Chow Mein literally translates to ‘Fry Noodles’ and it is one of the most popular types of food in Southeast China, in fact, in most southeast Asian countries. Different country or even different region has its own style and flavour. Some use wheat noodles (most common) and some use rice noodle. Thick noodles, thin noodles, crispy or saucy, with meat or vegetarian, spicy or umami. It is amazingly versatile that one can make up one’s own version easily, and guarantee with big flavour. The key is to prepare all ingredients before the actual cooking, because once you start cooking, it will take merely minutes to finish.
The best equipment to use is steel wok or cast iron wok, because it keeps the heat well within so the food will be cooked evenly and deliciously in a short period of time. I don’t have neither but a non-stick wok works fine as well. Remember to keep the stove on high/medium high at all time, so you will need to pay attention while you are cooking to make sure nothing is burnt.
In this recipe, I suggest to cook some of the Pak Choi (in halves) separately, and serve them on the side, it is because a crunchy piece of Pak Choi is not only a delight to bite into, it also gives the whole dish a little more texture. But if you want to save time and don’t bother with the extra step, it is absolutely fine to slice all the Pak Choi in one go.
The Chinese sausage definitely adds in extra umami and texture to the dish, but omit it if you want to keep it meat free.
serves 2 generously with leftover (or for 3)
- 220g noodles (I use gluten free spaghetti)(or any Chinese egg noodles for stir fry)
- 250g black tiger prawn, preferable wild caught, peeled and deveined
- 1 Chinese wind-dried sausage, chopped (crosswise) into small disks
- 300g mini Pak Choi, separated – halved 3-4 heads and roughly slice the rest
- 1 small carrot, julienned
- 1-2 stalked spring onions, chopped
- 1.5 Tbsp. fermented chilli bean sauce (Asian store)
- 1 Tbsp. tamari (or regular soy sauce), plus more to taste
- 1 tsp. dark soy sauce (optional)
- 2 tsp. sesame oil (plus more)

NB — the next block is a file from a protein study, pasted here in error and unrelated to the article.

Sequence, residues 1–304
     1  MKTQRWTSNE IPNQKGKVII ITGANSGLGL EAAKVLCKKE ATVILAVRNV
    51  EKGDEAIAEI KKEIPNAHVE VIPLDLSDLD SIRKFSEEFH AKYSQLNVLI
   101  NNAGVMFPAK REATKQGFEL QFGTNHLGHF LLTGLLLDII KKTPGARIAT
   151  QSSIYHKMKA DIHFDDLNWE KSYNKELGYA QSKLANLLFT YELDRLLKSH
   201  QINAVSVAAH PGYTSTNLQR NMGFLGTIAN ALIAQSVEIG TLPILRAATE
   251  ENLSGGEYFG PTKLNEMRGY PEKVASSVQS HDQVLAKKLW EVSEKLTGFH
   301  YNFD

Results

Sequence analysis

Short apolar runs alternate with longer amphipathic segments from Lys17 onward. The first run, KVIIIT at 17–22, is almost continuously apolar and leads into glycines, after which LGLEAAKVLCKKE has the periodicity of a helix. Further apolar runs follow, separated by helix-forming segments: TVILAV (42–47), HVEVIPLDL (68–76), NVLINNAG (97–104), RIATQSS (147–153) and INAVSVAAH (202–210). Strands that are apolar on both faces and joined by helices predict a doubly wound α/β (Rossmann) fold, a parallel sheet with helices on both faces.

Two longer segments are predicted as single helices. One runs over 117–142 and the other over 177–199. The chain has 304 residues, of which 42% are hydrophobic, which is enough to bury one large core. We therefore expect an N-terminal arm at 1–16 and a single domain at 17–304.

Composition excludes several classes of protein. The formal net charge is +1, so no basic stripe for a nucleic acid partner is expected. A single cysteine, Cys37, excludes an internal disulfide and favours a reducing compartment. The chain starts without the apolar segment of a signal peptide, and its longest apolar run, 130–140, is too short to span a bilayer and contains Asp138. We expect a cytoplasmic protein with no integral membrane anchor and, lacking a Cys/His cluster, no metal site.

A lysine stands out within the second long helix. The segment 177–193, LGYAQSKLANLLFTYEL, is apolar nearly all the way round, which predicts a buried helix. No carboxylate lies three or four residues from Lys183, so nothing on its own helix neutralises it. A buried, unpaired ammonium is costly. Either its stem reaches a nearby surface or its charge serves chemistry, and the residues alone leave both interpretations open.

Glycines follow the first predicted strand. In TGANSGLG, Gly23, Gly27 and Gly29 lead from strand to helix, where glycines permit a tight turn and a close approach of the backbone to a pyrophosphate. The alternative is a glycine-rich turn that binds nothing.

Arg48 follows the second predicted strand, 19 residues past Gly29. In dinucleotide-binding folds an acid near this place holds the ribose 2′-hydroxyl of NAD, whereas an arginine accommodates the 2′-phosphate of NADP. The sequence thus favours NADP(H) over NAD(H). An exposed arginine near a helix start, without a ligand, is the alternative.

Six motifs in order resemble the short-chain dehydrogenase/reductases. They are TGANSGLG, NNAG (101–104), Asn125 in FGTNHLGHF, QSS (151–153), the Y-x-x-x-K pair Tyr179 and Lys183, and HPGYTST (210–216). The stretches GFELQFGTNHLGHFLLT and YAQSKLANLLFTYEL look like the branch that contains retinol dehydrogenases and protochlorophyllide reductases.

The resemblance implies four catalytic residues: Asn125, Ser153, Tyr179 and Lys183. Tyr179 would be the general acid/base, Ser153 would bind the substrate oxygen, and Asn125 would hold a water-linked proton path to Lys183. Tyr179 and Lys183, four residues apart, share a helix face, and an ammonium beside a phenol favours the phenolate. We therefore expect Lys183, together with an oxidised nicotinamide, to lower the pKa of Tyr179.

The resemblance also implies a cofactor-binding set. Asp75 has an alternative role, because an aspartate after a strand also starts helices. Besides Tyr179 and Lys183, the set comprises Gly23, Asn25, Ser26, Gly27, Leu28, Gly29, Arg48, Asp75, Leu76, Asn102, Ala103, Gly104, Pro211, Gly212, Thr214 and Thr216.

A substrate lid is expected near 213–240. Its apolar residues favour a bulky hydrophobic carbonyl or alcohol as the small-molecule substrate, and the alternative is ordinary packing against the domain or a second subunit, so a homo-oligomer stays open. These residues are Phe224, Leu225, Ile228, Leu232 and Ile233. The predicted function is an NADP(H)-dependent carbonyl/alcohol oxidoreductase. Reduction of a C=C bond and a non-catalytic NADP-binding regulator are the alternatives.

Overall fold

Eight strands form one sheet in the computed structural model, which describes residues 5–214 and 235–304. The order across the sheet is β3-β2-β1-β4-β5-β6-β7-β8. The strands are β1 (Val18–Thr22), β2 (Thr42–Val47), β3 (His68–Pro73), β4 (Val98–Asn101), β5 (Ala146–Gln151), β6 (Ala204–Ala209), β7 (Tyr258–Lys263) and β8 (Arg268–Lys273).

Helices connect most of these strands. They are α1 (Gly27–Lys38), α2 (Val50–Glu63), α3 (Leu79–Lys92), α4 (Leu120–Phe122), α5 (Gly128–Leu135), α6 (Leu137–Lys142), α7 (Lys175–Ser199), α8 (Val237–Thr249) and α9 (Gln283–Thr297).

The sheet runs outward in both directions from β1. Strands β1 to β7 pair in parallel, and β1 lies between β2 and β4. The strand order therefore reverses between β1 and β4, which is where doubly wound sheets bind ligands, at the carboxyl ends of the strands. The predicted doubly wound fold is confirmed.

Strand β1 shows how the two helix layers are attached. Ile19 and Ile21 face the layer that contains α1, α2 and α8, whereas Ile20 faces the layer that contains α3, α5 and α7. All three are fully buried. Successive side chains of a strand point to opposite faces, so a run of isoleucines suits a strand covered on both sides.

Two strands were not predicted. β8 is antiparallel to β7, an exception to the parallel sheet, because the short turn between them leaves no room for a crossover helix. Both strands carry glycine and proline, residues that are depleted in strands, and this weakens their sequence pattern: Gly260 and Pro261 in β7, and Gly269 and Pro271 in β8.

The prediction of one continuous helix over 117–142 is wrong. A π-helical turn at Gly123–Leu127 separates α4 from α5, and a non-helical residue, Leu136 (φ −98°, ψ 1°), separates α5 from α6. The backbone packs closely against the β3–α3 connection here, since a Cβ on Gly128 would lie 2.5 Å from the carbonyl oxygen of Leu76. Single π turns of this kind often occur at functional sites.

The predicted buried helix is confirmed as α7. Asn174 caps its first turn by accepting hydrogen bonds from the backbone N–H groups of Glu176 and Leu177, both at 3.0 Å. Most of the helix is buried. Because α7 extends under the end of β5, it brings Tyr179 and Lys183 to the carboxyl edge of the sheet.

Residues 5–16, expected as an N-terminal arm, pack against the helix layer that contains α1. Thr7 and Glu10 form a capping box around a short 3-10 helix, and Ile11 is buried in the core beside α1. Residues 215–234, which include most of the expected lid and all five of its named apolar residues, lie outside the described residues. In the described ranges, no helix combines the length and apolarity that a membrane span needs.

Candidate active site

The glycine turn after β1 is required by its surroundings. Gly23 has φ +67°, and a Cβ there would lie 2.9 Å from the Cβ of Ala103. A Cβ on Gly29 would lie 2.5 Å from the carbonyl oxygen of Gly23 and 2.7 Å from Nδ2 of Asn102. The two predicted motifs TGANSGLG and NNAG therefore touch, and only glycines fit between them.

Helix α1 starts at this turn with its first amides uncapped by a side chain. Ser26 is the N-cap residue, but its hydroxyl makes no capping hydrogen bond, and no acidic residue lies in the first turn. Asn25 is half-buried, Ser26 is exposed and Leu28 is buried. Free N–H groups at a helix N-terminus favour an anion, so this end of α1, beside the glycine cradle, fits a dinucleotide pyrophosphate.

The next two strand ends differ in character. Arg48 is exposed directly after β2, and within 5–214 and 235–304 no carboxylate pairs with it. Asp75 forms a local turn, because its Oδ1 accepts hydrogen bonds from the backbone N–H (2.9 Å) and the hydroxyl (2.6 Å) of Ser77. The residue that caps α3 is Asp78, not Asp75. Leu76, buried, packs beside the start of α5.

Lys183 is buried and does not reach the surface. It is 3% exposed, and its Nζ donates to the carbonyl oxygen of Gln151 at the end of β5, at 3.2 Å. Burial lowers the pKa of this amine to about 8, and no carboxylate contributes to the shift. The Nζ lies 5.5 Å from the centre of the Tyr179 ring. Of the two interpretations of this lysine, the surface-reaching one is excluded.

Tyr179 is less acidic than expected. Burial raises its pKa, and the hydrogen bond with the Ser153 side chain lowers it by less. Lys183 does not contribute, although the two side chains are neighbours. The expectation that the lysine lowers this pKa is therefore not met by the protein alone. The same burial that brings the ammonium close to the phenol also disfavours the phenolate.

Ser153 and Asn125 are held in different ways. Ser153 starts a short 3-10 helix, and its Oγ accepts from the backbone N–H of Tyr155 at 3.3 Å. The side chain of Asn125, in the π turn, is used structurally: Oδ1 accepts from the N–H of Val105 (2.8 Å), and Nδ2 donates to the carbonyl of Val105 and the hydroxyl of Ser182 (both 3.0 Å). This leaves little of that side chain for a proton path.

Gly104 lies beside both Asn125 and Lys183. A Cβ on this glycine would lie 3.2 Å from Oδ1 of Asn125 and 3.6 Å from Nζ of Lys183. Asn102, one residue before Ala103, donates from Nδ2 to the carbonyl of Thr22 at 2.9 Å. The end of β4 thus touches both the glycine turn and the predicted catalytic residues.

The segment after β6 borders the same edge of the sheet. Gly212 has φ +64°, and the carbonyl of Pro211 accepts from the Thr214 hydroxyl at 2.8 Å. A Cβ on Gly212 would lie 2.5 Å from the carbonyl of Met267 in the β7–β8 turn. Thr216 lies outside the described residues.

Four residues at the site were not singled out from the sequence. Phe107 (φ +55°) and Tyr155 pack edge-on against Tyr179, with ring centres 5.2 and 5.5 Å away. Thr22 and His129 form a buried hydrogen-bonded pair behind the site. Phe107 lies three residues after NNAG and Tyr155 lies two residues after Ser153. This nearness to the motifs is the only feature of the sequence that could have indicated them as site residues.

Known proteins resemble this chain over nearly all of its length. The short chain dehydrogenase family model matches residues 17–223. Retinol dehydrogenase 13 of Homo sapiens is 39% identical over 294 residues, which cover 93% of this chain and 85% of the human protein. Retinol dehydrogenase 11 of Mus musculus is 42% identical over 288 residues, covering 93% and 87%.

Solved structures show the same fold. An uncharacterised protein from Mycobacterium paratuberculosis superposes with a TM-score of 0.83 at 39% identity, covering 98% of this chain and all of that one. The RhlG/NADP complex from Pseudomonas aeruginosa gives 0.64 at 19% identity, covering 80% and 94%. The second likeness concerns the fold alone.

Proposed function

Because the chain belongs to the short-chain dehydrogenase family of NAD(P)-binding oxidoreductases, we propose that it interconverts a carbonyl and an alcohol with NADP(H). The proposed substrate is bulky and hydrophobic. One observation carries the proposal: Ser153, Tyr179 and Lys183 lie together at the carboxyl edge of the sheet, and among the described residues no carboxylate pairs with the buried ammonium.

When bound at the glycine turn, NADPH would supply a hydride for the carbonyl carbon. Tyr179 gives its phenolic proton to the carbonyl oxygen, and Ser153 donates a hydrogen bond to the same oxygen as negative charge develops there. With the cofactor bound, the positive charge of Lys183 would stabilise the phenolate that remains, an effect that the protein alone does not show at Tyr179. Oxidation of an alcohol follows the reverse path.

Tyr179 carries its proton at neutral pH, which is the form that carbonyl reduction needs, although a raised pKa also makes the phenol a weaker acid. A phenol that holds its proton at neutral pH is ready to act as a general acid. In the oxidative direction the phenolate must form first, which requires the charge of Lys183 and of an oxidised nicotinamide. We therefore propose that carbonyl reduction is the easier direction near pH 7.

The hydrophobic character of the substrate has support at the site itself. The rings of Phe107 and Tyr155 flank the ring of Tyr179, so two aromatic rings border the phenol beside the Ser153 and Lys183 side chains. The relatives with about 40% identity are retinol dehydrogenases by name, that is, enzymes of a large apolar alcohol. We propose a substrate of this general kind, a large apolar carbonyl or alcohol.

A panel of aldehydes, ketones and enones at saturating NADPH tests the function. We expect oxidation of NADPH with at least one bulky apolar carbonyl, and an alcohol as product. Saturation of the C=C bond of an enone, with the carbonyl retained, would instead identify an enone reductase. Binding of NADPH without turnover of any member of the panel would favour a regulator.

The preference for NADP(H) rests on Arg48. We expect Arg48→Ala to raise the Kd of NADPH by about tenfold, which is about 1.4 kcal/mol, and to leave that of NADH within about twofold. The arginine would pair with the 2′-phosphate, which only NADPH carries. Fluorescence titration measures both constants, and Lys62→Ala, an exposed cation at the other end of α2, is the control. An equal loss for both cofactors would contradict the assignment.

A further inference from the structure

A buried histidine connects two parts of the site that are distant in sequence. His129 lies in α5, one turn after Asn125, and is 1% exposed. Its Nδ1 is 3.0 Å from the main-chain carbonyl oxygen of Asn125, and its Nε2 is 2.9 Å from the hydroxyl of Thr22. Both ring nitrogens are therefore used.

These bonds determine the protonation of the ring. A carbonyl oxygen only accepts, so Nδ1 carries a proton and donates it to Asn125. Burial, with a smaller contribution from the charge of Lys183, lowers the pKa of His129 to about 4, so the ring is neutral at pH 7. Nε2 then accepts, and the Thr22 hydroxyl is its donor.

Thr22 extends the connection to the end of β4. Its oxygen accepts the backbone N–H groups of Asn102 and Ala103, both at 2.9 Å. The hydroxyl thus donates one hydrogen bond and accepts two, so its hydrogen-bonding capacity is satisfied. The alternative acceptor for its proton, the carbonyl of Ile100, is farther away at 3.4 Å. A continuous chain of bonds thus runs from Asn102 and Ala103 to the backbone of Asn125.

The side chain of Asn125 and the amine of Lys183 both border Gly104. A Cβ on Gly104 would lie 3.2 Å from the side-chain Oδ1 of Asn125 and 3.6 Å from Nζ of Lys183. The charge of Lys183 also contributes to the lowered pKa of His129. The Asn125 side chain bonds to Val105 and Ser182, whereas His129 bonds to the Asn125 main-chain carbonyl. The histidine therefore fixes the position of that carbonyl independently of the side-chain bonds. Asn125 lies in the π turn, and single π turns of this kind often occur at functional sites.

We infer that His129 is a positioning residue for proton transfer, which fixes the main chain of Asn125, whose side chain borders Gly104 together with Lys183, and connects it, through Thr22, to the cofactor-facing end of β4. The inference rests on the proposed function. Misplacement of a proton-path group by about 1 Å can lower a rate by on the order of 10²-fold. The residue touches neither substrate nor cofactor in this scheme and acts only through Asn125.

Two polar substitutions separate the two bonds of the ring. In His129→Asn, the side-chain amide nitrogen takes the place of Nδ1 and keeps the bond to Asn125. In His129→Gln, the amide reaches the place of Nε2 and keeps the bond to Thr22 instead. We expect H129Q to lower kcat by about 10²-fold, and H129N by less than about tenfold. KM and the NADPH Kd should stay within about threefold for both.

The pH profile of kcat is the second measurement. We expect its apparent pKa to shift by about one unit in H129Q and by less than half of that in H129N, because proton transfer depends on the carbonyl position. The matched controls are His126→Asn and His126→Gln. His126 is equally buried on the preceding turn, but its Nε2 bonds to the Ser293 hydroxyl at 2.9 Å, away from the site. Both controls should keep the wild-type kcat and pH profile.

Cook the noodles according to package instruction, drained and add a splash of sesame oil to prevent them from sticking, keep warm and set aside.
Combine the chilli bean sauce and tamari in a small bowl, mixed well.
Heat 1/2 teaspoon of vegetable oil in a wok, or heavy-bottomed frying pan, add Pak Choi (the halved ones) in the hot pan, cut side down. Pan fry for a minute or 2 or until the vegetable charred and started to get translucent. Transfer the Pak Choi onto a plate and set aside.
Add another 1/2 teaspoon of vegetable oil in the same wok, add Chinese sausages and fry for a minute or so or until they are crispy and released most of their oil. Transfer the sausages to a bowl with a slotted spoon and leave the oil in the wok.
Place the wok back on the heat and add the carrot and the sliced Pak Choi and stir-fry them for 1 minute, add a small pinch of salt and transfer them to a separate plate and set aside.
No need to wash the wok, add 1 teaspoon of vegetable oil into the wok, when hot, add the spring onion and let them sizzle for about 30 seconds. Add the prawns and fry until they are slightly opaque. Now add 3/4 of chilli bean/tamari blend, stir until all prawns are coated with the sauce. Add noodles next, use a tong or chopsticks and a spatula (I use the latter) constantly stir and toss the noodles so that they are also combined well with the sauce. Add the dark soy sauce if use, stir again. Return the carrot and Pak Choi mix to the wok and then the the rest of the chilli bean sauce blend. Again, constantly stir-fry until everything is sizzling and combine well. Have a taste and adjust the seasoning if needed.
Remove the wok from heat and divide the noodles into warm bowls and served with the pan-fried Pak Choi (the halved ones).